The campaign is in honour of America’s Black History month and shines the spotlight on men who have either excelled in various industries or implemented projects that promote black brilliance.
Ndaba joins Sony Pictures Vice President Devon Franklin, TV producer Nick Cannon, Oscar-nominated director Lee Daniels, Grammy award-winning record producer Kasseem “Swizz Beatz” Dean and actor Forest Whitaker on the list of trailblazers being recognised.
BET will air a two-minute video of each Man of Change speaking about his life experiences and the projects they are involved in. Each man will also be profiled on the website.
Ndaba was featured in an online post by BET in which he spoke about his foundation, Africa Rising. Ndaba says his foundation aims to publicise a positive image of Africa through programming, films, media and social interaction, to change the mindset of young Africans and the world at large.
We have to break down the misconceptions that exist surrounding Africa. Africa is not just a place of war, poverty and disease, and dictators. Africa is the birthplace of humanity
The 31-year-old holds a Bachelor’s degree from the University of Pretoria with a major in Political Science and International Relations. He is also the co-founder of the Mandela Project, a company that works to honour the memory of Mandela through various initiatives.
Speaking to BET, Ndaba said messages within mainstream media and popular culture do not expose the youth to a positive image of the African continent.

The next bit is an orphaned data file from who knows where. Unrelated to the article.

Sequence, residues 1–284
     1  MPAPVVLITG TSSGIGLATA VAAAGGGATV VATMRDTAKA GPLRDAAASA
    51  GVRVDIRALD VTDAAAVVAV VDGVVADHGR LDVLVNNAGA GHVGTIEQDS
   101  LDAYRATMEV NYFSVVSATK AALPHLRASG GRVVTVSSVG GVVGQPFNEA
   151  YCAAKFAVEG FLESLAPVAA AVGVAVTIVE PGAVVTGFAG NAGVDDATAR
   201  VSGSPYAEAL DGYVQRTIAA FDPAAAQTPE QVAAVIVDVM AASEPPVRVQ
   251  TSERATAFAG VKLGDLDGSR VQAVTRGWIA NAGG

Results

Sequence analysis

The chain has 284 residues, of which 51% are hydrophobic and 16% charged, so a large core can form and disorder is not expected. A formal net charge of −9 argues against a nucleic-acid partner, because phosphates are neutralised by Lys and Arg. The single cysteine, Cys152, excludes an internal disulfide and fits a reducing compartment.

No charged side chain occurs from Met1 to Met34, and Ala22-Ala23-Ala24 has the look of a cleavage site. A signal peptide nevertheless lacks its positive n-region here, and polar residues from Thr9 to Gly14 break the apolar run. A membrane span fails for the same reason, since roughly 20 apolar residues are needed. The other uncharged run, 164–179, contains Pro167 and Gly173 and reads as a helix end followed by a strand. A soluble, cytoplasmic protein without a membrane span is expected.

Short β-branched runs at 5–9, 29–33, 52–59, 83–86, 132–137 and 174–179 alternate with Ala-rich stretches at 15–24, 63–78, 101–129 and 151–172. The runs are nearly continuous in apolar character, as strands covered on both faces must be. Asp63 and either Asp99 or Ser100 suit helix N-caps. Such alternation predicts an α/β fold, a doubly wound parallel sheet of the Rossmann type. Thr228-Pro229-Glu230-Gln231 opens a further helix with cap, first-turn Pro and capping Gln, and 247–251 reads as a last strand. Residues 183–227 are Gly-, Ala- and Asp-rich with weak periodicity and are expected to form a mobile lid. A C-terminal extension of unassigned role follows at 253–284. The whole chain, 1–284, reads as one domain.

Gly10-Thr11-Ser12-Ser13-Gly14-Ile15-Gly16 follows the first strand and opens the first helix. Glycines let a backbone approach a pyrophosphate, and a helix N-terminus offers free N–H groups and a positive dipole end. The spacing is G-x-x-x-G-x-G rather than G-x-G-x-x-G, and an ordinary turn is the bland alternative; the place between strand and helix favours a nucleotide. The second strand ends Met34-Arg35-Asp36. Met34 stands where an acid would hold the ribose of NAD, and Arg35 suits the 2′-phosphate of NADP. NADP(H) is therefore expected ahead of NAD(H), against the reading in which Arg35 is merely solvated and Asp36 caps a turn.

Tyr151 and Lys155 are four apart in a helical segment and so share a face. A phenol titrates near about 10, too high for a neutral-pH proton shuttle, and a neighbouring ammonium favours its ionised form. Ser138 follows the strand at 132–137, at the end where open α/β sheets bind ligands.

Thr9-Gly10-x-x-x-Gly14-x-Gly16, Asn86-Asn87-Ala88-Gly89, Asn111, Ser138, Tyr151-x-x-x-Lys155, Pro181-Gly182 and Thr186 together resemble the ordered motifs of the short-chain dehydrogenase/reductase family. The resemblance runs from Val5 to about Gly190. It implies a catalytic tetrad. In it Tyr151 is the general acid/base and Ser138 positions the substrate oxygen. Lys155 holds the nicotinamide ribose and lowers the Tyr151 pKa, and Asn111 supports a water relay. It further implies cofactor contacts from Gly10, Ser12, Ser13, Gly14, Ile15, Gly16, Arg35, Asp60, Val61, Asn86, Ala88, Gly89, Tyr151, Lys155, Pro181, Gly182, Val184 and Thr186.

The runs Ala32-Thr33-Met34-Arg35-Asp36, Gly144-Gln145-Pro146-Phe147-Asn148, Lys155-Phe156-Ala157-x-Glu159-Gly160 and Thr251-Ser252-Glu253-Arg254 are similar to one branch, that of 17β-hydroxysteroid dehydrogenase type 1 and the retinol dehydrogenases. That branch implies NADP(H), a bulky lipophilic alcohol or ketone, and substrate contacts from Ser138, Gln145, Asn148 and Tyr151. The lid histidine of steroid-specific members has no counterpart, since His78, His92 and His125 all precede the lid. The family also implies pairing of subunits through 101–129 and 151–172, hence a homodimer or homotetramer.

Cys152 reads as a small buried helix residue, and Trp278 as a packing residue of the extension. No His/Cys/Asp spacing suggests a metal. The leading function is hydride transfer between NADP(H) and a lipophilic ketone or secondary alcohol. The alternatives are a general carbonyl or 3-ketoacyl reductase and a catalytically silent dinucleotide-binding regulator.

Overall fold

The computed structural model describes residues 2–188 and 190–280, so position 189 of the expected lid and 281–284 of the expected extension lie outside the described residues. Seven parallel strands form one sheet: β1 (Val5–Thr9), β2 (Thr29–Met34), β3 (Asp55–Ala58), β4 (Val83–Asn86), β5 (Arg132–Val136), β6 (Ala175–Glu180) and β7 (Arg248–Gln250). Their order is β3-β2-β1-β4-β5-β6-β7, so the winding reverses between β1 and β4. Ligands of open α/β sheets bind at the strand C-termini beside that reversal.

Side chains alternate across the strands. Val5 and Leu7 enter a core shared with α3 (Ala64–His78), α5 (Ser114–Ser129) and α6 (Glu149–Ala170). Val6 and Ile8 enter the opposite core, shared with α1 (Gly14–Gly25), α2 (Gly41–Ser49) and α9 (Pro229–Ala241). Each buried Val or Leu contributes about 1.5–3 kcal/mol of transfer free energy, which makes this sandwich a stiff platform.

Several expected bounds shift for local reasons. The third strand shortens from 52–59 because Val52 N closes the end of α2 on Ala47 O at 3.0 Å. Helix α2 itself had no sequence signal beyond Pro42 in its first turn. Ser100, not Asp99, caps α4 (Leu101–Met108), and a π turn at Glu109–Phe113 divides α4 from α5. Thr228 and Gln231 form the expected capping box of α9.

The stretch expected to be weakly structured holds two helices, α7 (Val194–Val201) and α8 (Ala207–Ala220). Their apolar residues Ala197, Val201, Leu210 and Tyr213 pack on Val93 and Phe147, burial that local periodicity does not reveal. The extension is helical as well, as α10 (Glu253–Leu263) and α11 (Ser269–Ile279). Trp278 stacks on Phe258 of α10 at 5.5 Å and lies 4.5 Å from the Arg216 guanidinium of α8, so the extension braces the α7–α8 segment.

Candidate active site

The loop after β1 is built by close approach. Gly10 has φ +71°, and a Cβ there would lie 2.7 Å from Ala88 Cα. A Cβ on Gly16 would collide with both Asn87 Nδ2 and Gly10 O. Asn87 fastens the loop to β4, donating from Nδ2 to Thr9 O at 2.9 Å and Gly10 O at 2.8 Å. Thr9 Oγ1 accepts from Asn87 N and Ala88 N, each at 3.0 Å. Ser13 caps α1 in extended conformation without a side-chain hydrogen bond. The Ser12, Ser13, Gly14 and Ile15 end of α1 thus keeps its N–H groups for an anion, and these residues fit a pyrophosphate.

“We have to break down the misconceptions that exist surrounding Africa. Africa is not just a place of war, poverty and disease, and dictators. Africa is the birthplace of humanity. The focus of my foundation, Africa Rising, is to change the global perception of Africa by working together to help highlight and identify areas for social and economic development that young people from around the world can engage with.
“We believe that once African youth are re-educated about their worth and value, our ability and effectiveness to solve our own problems will multiply exponentially,” he said, adding that preconceived notions that all Africans suffer because of poverty, crime and HIV can be changed.
Ndaba, who is the son of Makgatho Mandela, also serves as Deputy President of the Pan-African Youth Council which works closely with the African Union.